There are other options available that would allow a company to generate capital for growth and provide cash to existing owners without giving up control of the business
San Francisco, CA (PRWEB) June 03, 2013
With increasing signs of a recovering U.S. economy and with record setting amounts of capital in the hands of large corporations (“strategic buyers”), Private Equity firms (“PE”) and hybrid investors (neither strategic nor PE, for example wealthy individuals and family offices), private business owners contemplating a sale are fortunately faced with a myriad of options. Add to these traditional middle market lenders, commercial finance companies and Business Development Corporations (BDCs) all flush with cash, it is no wonder that many company owners are confused and uncertain as to how to maximize the exit value of their business.
The middle market, which we define as companies with $10 million to $500 million in revenue, has long been the predominant area for U.S.-based PE investment. And while deal volume and capital invested in U.S.-based middle market companies were down somewhat in absolute terms in 2012, the middle market expanded to 71.4% of total buyout activity—its highest share in the last decade.
PE buyers will generally want to purchase at least 80% of the company and will provide capital for growth. Typically, the PE buyer will target a 5-7 year exit of the business and will quite often resell the company to another PE firm. They will most often want to or at least be open to keeping a founder involved for a period of years to lead the execution of a growth strategy and to “earn out” part of the purchase price.
Strategic buyers are actively acquiring smaller companies in order to gain technology, market share, products or people. Think Instagram with 13 employees by Facebook for $1 billion dollars. Often, a strategic buyer will pay the highest value in that the product or service of the target, when added to the buyer’s business, will be “accretive” i.e. it will create more value for the whole, a sort of 1+1=3.
And lastly, the emergence of family wealth looking for good investments has provided additional tail wind for middle market M&A--as was the case of the acquisition of Peet’s Coffee by the German company Joh. A. Benckiser for $974 million (22 times EDITDA), a significant premium over the traded value of Peet’s.
No Shortage of Strategies
Middle market company owners have a range of different types of capital available to create liquidity:
1. Senior Debt – generally term debt with a low rate of interest available from banks, commercial finance companies and BDCs and often supported by company assets or company cash flow. This form of debt is generally tied to LIBOR or the prime rate or can be fixed as a corporate bond. (Range of cost: 5-10% APR)
2. Mezzanine Debt– available as term debt subordinated in priority to senior debt but above equity) from specialized lenders or PE firms, often with warrants or other equity kickers This debt is usually interest only and the term is for a period of 5 to 7 years. Usually used to recapitalize the company, buyout partners or for growth. (Range of cost: 12-18%).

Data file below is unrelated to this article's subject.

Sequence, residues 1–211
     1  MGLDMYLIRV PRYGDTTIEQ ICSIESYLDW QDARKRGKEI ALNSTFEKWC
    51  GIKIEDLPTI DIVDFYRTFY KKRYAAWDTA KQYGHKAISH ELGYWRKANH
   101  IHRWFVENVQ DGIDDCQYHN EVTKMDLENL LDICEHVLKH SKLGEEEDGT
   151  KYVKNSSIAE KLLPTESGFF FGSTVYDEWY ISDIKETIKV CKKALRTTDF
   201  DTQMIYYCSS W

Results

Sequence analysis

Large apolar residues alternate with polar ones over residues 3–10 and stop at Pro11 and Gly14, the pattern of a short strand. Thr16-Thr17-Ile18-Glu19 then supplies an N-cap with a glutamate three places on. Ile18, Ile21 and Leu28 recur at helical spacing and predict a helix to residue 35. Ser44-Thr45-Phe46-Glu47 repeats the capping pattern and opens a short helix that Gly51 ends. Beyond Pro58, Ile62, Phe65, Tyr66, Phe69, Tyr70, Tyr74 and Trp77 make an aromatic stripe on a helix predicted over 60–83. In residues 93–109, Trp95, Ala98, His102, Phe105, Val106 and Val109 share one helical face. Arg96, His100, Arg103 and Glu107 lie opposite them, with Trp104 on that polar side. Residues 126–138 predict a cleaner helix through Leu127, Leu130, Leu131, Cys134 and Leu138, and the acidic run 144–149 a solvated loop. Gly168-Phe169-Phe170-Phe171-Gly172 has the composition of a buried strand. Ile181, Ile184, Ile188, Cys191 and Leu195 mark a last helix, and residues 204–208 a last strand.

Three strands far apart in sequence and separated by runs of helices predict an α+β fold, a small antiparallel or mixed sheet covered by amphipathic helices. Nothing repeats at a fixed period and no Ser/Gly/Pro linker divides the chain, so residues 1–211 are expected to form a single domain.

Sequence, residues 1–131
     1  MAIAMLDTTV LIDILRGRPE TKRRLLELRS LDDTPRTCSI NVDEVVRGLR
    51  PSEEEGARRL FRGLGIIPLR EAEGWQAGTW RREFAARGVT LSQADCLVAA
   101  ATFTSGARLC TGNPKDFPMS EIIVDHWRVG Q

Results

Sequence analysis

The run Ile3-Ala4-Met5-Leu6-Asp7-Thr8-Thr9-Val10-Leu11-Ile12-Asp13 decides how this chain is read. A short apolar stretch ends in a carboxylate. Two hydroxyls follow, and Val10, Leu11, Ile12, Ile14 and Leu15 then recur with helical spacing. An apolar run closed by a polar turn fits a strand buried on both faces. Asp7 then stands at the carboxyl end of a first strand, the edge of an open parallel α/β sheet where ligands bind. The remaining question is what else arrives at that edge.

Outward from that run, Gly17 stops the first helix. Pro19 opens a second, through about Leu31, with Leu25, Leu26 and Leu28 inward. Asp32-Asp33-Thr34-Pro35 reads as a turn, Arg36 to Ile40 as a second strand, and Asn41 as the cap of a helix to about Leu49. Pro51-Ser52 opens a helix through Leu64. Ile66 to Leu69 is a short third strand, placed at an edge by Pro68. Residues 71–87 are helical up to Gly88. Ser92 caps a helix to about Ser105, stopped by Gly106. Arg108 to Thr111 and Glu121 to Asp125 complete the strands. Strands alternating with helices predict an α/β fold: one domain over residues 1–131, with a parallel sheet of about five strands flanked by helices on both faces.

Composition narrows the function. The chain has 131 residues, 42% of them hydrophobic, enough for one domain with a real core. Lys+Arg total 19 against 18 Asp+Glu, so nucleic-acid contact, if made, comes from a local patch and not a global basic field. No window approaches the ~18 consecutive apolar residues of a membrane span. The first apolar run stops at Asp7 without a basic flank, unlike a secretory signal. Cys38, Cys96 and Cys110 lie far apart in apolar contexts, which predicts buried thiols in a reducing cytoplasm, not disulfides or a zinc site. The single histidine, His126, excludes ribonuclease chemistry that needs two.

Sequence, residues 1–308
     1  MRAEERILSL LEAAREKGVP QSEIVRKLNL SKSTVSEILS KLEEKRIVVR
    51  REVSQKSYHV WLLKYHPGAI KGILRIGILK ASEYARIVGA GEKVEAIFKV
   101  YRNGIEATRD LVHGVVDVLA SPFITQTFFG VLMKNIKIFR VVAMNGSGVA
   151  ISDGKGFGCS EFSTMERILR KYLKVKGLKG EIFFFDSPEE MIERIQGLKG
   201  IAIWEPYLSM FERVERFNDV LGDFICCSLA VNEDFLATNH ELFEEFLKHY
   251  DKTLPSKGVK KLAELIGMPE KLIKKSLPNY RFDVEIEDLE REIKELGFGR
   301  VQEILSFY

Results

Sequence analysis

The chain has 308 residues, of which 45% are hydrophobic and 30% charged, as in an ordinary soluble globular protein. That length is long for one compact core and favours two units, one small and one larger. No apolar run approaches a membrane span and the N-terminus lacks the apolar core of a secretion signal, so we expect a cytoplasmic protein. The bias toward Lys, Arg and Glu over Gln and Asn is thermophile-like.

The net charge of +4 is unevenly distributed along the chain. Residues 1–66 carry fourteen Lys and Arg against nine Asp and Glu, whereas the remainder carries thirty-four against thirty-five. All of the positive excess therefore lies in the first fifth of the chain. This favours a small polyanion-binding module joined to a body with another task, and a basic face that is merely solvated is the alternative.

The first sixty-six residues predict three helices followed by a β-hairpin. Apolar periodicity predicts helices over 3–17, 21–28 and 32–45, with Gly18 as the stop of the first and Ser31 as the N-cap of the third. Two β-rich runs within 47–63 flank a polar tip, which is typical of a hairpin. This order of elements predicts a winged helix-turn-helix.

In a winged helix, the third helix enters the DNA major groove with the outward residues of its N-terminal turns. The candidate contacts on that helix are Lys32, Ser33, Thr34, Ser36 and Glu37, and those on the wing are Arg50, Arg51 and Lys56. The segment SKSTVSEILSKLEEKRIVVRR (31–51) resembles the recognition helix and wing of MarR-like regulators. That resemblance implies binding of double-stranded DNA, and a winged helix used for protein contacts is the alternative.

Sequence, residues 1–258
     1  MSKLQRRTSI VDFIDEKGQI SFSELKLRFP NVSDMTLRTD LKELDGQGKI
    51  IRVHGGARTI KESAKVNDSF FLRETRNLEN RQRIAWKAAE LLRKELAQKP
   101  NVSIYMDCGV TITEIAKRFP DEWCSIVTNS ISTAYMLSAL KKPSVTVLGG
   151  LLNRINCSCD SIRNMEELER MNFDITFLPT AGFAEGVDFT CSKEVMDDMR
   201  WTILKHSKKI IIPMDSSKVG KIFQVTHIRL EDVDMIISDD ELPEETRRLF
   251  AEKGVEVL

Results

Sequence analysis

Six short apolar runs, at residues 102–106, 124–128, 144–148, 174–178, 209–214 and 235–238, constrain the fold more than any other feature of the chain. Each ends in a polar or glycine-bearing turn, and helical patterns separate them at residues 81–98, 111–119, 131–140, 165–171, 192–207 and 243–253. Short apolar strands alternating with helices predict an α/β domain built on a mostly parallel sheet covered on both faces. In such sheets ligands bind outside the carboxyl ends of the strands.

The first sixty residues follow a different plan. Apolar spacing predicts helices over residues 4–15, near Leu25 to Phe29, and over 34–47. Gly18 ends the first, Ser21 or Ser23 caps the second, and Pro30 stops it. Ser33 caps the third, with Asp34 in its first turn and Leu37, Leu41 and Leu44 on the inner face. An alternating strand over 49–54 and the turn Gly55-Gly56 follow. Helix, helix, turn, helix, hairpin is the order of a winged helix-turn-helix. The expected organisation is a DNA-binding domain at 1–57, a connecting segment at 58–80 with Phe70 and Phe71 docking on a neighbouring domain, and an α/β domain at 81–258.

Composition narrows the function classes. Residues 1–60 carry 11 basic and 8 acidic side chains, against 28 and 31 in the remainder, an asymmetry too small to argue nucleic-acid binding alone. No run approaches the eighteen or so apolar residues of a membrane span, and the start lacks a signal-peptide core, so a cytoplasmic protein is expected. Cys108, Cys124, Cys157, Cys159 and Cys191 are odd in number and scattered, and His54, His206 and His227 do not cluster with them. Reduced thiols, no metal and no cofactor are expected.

3. Equity – Often issued in the form of common or preferred stock together. With respect to a PE firm or strategic buyer, control of the company is important and the owner will have a new boss and board of directors. For owners wanting to sell a business but stay on for a period of time as CEO, this may be an attractive strategy alternative. (Range of value for a well performing company is often begins at 5 times EBITDA and up, depending on the historical success and potential of the business). (PE firms are generally seeking returns above 25%).
Recapitalize the Company
There are other options available that would allow a company to generate capital for growth and provide cash to existing owners without giving up control of the business. There are PE firms that will purchase a minority interest in a company (at a lower multiple than for a sale given that the PE firm will not gain control). A recapitalization is a good tool to take advantage of current cash flow and to position the owners of the company for a final exit in the future. The steps are:
1. Raise subordinated debt or minority equity based on current cash flow and use the proceeds to pay dividends to owners.
2. Reinvest profits in the company and grow the top and bottom lines of the financial statements.
3. Position the company for a final sale down the road and sell 100% to a strategic buyer or PE fund, paying off the debt or retiring the convertible equity and distribute the remaining proceeds to the owners/sellers.
4. In the case of subordinated debt, it can be paid off with less expensive senior debt if the company’s assets have grown sufficiently, without having to sell the company,
This is the time to explore alternatives and take action, as there is a very good chance that the current, favorable climate for middle market M&A won’t last forever.
Newport Board Group is a partnership of board directors and senior executive leaders. We assist growth, middle market and private equity portfolio companies to navigate transitions and improve performance.
Michael Evans ((415) 990-1844) is Managing Director of the Northern California practice of the Newport Board Group.